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Afghan opium boom has U.K. on edge

As Afghanistan concludes what is expected to be one of its largest opium poppy harvests ever, Britain, Western Europe's biggest consumer of heroin, braces for a flood of the deadly drug.  By MSNBC's Jennifer Carlile.
Sayed Mohammed looks at his opium poppy field in a village about 70 miles northwest of Kabul, Afghanistan, in April.Reuters file
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As Afghanistan concludes what may be a world record opium poppy harvest, Britain, Western Europe's biggest consumer of heroin, braces for a flood of the deadly drug.

With warlords and insurgents benefiting from a booming trade that accounts for more than half of Afghanistan's gross domestic product, U.S. Defense Secretary Donald Rumsfeld was in Kabul on Wednesday to discuss counternarcotics programs with Afghan and U.N. officials, as well as with U.S. military leaders.

Before flying to the Afghan capital, Rumsfeld offered few details on the American initiative but noted that the British government had previously taken the lead in working with President Hamid Karzai’s administration to address the problem.

In the lead-up to the U.S.-led invasion of Afghanistan in the fall of 2001, British Prime Minister Tony Blair boosted morale for the war by promising that the removal of the south Asian country's hard-line rulers, the Taliban, would cut heroin cultivation.

"Ninety percent of the heroin on British streets originates in Afghanistan," Blair told the Labor party conference.

"The arms the Taliban are buying today are paid for with the lives of people buying their drugs on British streets. That is another part of their regime we should seek to destroy," he said.

While the invasion did succeed in ousting the Taliban from power, with the regime went its  tough control of the drug trade. Although the regime made huge profits from selling the opiate, its cultivation was officially outlawed and punishable by hanging.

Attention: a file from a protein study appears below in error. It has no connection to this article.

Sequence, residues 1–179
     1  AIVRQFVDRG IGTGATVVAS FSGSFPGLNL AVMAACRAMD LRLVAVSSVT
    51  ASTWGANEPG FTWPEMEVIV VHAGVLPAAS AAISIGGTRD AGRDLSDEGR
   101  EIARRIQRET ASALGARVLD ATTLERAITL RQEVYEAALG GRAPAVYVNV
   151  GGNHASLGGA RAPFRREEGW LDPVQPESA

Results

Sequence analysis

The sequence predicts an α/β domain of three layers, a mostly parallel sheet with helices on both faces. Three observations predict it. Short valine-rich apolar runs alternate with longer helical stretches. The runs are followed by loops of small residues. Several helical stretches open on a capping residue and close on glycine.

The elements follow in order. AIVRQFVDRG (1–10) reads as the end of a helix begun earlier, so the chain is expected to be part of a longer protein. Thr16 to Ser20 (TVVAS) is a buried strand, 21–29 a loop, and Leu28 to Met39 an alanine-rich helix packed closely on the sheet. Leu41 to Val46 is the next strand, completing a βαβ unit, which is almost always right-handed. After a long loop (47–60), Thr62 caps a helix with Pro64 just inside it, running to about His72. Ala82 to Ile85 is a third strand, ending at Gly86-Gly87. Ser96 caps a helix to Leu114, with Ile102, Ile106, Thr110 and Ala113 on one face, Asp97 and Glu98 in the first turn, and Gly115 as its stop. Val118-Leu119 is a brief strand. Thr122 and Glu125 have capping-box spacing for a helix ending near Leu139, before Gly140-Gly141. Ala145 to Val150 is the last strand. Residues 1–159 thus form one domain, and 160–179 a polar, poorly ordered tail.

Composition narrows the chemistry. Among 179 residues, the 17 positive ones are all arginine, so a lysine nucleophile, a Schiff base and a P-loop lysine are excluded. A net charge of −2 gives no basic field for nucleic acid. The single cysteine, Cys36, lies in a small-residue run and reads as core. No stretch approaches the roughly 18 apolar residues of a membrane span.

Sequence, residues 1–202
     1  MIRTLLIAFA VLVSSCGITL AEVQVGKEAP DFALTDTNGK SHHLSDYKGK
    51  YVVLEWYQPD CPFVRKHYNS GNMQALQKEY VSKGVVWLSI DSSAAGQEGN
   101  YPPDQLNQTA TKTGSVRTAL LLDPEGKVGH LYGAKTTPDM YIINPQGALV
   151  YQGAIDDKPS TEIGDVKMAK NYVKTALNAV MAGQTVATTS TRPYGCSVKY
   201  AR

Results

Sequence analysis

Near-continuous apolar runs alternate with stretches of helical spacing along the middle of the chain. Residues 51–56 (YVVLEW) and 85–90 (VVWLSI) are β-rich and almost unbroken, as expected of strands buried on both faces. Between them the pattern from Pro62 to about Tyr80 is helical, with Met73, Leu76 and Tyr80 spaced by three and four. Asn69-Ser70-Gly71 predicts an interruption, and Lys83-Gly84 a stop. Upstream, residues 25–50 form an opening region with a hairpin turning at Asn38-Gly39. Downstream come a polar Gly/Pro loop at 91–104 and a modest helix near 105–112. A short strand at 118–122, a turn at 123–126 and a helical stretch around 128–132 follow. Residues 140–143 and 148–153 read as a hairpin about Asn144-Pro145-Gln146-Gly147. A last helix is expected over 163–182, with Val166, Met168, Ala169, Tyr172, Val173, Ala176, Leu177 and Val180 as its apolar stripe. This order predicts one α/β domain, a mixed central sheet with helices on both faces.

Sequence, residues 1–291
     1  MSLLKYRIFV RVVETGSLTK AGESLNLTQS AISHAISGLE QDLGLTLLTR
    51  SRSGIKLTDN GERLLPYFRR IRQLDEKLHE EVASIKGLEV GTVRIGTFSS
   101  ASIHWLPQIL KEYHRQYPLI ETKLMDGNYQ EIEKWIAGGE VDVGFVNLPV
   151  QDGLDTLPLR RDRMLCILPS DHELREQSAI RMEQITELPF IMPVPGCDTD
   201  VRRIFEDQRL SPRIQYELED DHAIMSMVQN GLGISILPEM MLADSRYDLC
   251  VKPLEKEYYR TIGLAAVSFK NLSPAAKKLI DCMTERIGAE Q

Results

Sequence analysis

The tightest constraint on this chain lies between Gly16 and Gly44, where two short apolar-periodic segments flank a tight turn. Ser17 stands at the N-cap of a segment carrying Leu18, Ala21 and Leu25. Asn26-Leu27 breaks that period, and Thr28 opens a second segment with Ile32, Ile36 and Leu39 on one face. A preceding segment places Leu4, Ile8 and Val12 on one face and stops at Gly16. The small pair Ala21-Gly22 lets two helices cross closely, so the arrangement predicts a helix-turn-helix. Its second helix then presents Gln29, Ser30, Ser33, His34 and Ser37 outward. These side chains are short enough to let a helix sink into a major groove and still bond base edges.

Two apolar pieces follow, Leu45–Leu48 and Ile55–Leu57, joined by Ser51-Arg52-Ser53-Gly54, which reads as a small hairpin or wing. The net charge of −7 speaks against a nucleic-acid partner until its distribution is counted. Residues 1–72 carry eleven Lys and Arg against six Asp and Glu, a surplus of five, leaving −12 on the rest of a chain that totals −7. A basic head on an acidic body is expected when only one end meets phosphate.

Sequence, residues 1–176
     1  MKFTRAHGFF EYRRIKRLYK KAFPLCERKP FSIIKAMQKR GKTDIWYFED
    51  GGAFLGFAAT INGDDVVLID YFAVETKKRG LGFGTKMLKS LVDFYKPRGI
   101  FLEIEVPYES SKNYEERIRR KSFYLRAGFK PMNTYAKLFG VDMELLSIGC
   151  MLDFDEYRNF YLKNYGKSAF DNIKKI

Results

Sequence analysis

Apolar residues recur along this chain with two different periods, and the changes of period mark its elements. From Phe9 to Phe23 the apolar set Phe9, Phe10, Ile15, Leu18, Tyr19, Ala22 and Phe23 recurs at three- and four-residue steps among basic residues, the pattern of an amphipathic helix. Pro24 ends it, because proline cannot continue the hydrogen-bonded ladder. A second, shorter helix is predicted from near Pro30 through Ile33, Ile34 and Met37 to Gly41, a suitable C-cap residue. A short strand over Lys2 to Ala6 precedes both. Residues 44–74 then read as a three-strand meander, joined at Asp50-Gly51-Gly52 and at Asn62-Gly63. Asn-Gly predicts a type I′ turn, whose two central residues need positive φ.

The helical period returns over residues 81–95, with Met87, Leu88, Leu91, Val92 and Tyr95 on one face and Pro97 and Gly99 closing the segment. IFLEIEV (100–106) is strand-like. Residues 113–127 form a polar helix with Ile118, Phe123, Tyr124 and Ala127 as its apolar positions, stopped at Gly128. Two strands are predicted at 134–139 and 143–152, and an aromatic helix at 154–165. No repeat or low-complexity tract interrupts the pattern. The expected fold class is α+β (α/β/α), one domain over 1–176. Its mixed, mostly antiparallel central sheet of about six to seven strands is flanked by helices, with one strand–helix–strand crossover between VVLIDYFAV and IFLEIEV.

Cultivation booms after Taliban's fall
Following the Taliban's fall, illicit poppy cultivation rose by 8 percent between 2002 and 2003, according to the U.N. Office for Drug Control. And the 2004 crop is projected to be even greater.

A survey conducted last October, at the time of planting, showed that 69 percent of farmers interviewed intended to plant more poppies than they had the previous year. This spring, a U.N. mission to poppy-growing areas of the country also reported an increase in cultivation.

Producing around 70 percent of the world's heroin, Afghanistan's crop is exported, processed and dispersed via myriad trade routes: south through Pakistan west through Iran and increasingly north through the Central Asian republics.

After changing hands many times, an average of around 30 tons of heroin end up in the United Kingdom each year, according to Britain's National Criminal Intelligence Service, with Britons consuming a third to half of all the heroin estimated to be in the European Union. The 10 percent of Britain's heroin that does not come from Afghanistan is mainly produced in Myanmar and Laos.